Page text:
The first remontant or reblooming iris show of record was held at Vandalia, Ohio, on October 6, 1963, with Mrs. Herbert S. Shinkle as show chairman. The Queen of the Show was FALL PRIMROSE with four blooms open. It was exhibited by Harry Hanna. The Silver' Medal Certificate winner was Mrs. Allen Coke, and the Bronze Medal Certificate winner was Horace Wright. Section Certificate winners were: miniature dwarf bearded, Joseph Fedor; intermediate bearded, Horace Wright; border bearded, Dr. P. L. Irvin. Seedling 6127 from Horace Wright was named the outstanding seedling of the show, and Mrs. Allen Coke's 5-57 also received enough judges' votes to earn an Exhibition Certificate.

Society for Japanese Irises (SJI)

Welcome to the Society for Japanese Irises! We are a community of Japanese Iris enthusiasts dedicated to cultivating, hybridizing, and promoting the Japanese iris. Our society includes members from around the world. Native to Asia, Iris ensata (Japanese Iris) are the last iris to bloom, generally several weeks after tall bearded iris (late June or early July). They tend to be tall (3 to 4 feet) with large, colorful flowers (up to 10 inches in diameter). Their Cultural window is narrow, however, if met the Japanese iris will be the showpiece of your garden. Learn more:

Society for Louisiana Irises (SLI)

Louisiana irises constitute a unique group in the iris family. Among all the iris, Louisiana's have exceptional variety in color and in form. They exhibit an incredibly broad range of color and are considered very significant in providing the color red to the iris spectrum. An equally wide variety of forms, when combined with the color range, make for truly great horticultural opportunities. Learn more:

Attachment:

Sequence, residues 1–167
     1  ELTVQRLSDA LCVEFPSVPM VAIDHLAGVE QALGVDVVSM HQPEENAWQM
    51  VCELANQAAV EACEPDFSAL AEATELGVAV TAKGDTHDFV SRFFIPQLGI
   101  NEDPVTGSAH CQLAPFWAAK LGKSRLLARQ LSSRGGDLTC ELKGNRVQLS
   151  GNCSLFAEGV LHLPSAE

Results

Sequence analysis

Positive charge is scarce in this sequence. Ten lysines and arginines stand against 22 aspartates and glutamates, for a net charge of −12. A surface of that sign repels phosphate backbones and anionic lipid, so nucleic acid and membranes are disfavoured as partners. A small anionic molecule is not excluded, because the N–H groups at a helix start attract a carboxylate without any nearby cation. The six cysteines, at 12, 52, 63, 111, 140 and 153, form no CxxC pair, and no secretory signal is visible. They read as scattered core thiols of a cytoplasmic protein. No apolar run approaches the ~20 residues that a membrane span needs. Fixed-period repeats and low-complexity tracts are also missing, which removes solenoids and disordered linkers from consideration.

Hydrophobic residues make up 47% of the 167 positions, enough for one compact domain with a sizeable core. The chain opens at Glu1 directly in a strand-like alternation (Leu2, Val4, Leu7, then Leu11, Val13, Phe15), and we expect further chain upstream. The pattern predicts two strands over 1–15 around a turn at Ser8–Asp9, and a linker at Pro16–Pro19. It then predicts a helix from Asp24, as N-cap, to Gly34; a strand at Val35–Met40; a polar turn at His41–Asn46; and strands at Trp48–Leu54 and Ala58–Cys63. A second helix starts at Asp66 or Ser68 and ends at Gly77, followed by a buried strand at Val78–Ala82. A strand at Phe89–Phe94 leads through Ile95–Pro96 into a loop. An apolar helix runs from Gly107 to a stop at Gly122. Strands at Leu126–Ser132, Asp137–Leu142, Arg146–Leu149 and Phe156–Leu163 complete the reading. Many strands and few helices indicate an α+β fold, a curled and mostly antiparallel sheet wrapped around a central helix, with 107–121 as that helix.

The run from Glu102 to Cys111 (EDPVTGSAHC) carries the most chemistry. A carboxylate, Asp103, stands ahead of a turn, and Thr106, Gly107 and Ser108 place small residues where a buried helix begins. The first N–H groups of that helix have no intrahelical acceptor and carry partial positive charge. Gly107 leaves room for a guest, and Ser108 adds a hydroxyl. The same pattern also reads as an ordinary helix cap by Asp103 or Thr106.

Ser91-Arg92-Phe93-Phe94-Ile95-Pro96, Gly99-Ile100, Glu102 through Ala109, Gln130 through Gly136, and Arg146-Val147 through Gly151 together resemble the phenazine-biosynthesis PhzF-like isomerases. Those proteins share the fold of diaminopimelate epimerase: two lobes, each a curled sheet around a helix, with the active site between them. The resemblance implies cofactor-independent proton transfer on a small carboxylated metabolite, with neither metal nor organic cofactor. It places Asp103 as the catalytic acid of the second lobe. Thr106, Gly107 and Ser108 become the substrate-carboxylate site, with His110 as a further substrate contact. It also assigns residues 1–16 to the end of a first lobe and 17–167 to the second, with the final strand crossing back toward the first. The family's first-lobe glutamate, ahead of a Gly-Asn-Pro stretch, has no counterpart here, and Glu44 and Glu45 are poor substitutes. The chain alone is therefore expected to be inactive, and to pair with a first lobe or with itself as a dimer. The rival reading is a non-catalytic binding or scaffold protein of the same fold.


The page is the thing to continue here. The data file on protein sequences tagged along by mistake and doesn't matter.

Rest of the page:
Society for Pacific Coast Native Irises (SPCNI)

For gardeners in warm to cool temperate, summer-dry areas, who like growing iris, or already grow Pacifica Iris (PCI), join an international community of PCIrisarians who promote learning about, growing and hybridizing PCI. Learn more:

Society for Siberian Irises (SSI)

The Society for Siberian Irises, a section of the American Iris Society, was organized in 1960 by and for people who love, grow, and want to learn more about Siberian irises. Our membership includes plant scientists, hybridizers, commercial growers but mostly folks who just appreciate superior garden plants. We are from all corners of the US, Canada, and countries around the world. Learn more:

Species Iris Group of North America (SIGNA)

SIGNA is devoted to studying the Iris family in the wild as well as enjoying them in the garden. We're equally interested in species and hybrids. We promote them through our seed exchange while supporting their conservation in the wild. We disseminate scientific and cultural information about them through our members-only publications and to the public at large via this website. Learn more:

Spuria Iris Society (SIS)

At the Spuria Iris Society, we're dedicated to expanding the public's knowledge of spuria irises. Spurias grow and bloom well in most areas of the country. Most modern hybrids are descendants of species found in Southern Europe and east throughout Afghanistan, and are admired for their ease of growth and enormous size. Their exquisite flowers are highly sought by both florists and arrangers. Learn more:

Tall Bearded Iris Society (TBIS)

The Tall Bearded Iris Society (TBIS) was founded to promote the distribution, cultivation, hybridization, and development of Tall Bearded irises as hardy garden perennials. TBIS is committed to educating and disseminating information about Tall Bearded irises to the gardeners of North America, and to promote activities that encourage garden planting and garden visitations. Learn more:


-- WayneMesser - 18 Jan 2023
Topic revision: r10 - 15 Apr 2024, dougchyz